The influence of the Chinese is having a significant effect on the economic growth prospects of Cambodia, and in particular the real estate and construction sectors. With this in mind, realestate.com.kh spoke with property market insiders on the flow-on effects of the increased integration of the Cambodian and Chinese economies and the potential influence of recently announced capital outflow restrictions for Chinese offshore property investors with their targets on Cambodia.
The Chinese initiative, the One Belt, One Road policy, is a great step forward in regards to economic integration and new trade arrangements across the Asian region. This initiative, coupled with the existing good relationships with other Asian countries, will surely result in remarkable growth in respect to Cambodian infrastructure and the real estate sector. The country will become more attractive for both local and international investors, triggering significant local development within a span of a few years.
“If funds are directed at infrastructural developments in Cambodia, particularly roads, ports and rail, it could make Cambodia a more competitive destination for manufacturing and accelerate industrial development. This type of development would have clear economic benefits to the country, which would flow into the real estate market – particularly in areas where the infrastructure developments will take place. As an example, one can look at the recent upgrading of National Road 6, and the outward trajectory of development along that road: the housing and land prices of that area are now increasing at a very fast pace.
The Belt and Road policy is short for the “Silk Road Economic Belt” or the “21st Century Silk Road” initiative from China. Not only will it promote adherence to peaceful cooperation, openness, tolerance, mutual learning and interactive development, it will also focus on economic development, expanding employment, eradicating poverty, improving people’s livelihoods and protecting the environment. Considering the above, Cambodia’s real estate market is likely to be at a high starting point within the development and construction sectors, gaining more global attention.
China’s One Belt, One Road policy, also known as “China’s massive project”, is the strategy of the Chinese government to strengthen its economic powerhouse in Asia and all over the world. In this sense, China goes into Cambodia and Asean countries through government funding with the provision of funds to the government to build infrastructure. The impact of China’s One Belt, One Road policy on Cambodia’s real estate market therefore is likely to be positive. More Chinese investors will invest in the real estate and construction market. Lately, numerous construction companies from China have come to the Kingdom, some of which are state-owned. Considering that developers will not have to make down payments to construction companies, this will leave them with more cash flow and encourage further investments in Cambodia. Lastly, the policy will further connect China and Asean countries, giving a huge boost to the flow of goods.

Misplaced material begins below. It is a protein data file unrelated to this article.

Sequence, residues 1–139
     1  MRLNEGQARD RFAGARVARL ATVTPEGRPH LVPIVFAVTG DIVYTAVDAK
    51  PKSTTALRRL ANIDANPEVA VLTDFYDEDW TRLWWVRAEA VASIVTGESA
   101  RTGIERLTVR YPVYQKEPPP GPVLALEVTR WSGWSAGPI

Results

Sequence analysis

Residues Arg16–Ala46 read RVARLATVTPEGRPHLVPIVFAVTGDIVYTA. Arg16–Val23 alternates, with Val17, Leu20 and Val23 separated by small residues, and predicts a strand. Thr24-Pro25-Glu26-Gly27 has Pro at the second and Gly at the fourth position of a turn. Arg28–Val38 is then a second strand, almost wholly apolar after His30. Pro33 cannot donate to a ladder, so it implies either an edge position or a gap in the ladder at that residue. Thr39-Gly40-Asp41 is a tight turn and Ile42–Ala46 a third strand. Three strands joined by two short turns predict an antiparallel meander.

China recently introduced a foreign exchange regulatory policy with the main purpose of restricting speculative foreign investments – but the Belt and Road construction project investment is not likely to be limited by this. During the Belt and Road Summit Forum on May 14-15 in Beijing, the Chinese government established that it will create major foreign initiatives within the areas of infrastructure, trade and investment, financial support, cultural exchanges and others. I personally think that due to these initiatives, the future of Cambodian real estate is not only residential, but will also involve the tourism, industrial and logistic sectors. I also believe that the completion of Dara Sakor tourism and port city will attract a significant number of tourists from many countries – as well as investors, residents and workers.
Based on my research, there have been over one trillion dollars of Chinese outbound investments. That capital flew out of China not just to Cambodia or Asean countries, but all over the world – and most of this capital landed in the real estate sector. Yet China’s new regulations restricting outward capital for international property transactions are likely to have a negative but small impact on Cambodia’s real estate market.
The government’s restriction, as far as I know, still has loopholes – meaning that despite the restrictions, people can find a way to get the money out of the country legally. As an example, investors can open bank accounts in Hong Kong and then perform a money exchange from Chinese RMB to US or Hong Kong dollars. It is through Hong Kong bank accounts that Chinese investors can send money to invest in the real estate sector all over the world. Considering this scenario, I think that the Cambodia real estate sector will not be affected severely.
Although China has introduced capital outflow restrictions for property, investments in Cambodian real estate, particularly those in retail and condominiums, would certainly not be affected. This is due to the fact that many of the building projects may be under the restricted amount line (small size investment projects) and could also be funded by local banks. Some of the larger scale projects may be affected, but surely not the smaller scale ones.
Personally, I believe that the new restrictions are not likely to have a negative influence on Cambodia’s real estate market. In the nature of an investor, especially Chinese investors, they will always find ways to circulate their capital overseas and Cambodia is currently a popular investment location choice. The restriction is only with the purpose to organise the outflow funds, but opportunity gaps will always be available for the investors.
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James Whitehead is Director of Content @ Realestate.com.kh